Outside In’s Brian Gibson shares his experience
Earlier this month Outside In artist Brian Gibson hosted a special event as part of the charity’s partnership with Investec. A key part of the partnership is creating opportunities for artists to develop new skills. Following a call out to artists who have undertaken the Step Up Leading Workshop course, Brian was chosen to run a workshop for the bank’s staff – these are his thoughts on the experience…
I was delighted by the news that my proposal for a Vincent Van Gogh Workshop was the one that had been accepted. It was something to really appreciate because I also know the other side of this, applying for posts and projects whole heartedly followed by a well worded letter saying that unfortunately I was not successful this time around. I had run workshops before, several through Outside In at various art venues, even at the Tate Modern as part of a World Mental Health Day event but this one was even a little more different than that, a workshop for the staff of an investment company in the heart of London and I was going to deliver a 90 minute workshop on Vincent Van Gogh. probably the most well-known painter in the world, the artist with a number one song written about him, this never happened to Pablo Picasso.
The theme of the workshop was looking at the portraits of Van Gogh and I had created a worksheet for that purpose. My proposal was to create a series of drawing exercises, beginning with some simple mark making on postcards and to progress in stages towards a final portrait. Prior to the workshop I had tried to envision what it would be like delivering a session to 20 plus people after a day’s work in the city. What would be their level of art knowledge and drawing skills be like? Probably the same as any other group of people working within in the same building, varied, different and unique. that was the rational thought and I held onto that.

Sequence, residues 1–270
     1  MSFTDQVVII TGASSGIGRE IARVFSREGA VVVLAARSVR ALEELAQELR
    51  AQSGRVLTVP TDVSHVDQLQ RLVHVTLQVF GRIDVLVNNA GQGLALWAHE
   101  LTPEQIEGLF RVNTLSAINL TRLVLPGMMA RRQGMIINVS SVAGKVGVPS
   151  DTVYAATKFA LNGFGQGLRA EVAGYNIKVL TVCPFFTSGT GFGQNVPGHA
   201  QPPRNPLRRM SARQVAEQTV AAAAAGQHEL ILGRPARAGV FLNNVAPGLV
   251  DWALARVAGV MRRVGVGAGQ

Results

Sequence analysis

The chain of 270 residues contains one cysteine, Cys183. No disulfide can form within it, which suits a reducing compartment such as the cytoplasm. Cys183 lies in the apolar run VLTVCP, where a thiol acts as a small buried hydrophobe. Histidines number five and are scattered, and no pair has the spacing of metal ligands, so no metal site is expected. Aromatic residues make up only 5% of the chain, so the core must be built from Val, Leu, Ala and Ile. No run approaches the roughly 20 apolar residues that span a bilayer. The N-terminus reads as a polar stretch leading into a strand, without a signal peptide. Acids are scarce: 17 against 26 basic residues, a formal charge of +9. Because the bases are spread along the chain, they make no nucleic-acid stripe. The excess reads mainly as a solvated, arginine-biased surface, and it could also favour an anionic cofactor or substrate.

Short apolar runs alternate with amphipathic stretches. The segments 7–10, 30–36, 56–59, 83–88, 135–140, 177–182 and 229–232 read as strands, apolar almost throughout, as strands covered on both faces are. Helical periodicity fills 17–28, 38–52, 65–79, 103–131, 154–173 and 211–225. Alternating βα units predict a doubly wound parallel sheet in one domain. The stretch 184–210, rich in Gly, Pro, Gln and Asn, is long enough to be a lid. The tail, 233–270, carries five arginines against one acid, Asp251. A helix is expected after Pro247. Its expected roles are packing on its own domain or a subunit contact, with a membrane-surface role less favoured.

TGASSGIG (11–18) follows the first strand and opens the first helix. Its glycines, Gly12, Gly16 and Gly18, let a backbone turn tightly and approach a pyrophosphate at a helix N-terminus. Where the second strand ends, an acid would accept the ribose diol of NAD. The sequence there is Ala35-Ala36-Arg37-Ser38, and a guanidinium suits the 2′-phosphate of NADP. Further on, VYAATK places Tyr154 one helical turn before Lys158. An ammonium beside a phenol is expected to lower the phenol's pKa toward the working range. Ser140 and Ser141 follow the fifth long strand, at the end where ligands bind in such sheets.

An introduction from Kate Davey was much appreciated. Talking directly to 20 or more unknown people and using a radio mic for the first time felt a bit daunting but the group were really open and friendly and after a few minutes people were either engrossed in creating an image or chatting away about Vincent Van Gogh his life and his art. My own knowledge and research on Van Gogh hadn’t deserted me either and so I was able to inform people about the number of painting sold in his life time (2 apparently) or the number of artworks (over 2,000) he produced in his life time and such like. At the same time, we looked at how Van Gogh had produced his portraits, using swirling lines, dots and contrasting colours and so forth. We were using a combination of pencils, felt tips and oil pastels and the work began to evolve into a series images that were varied ,different and unique and within a short space of time we they had managed to produce over 40 portraits full of tone, colour and expression that we were able to view, share and discuss.
Maybe Vincent was watching over us too.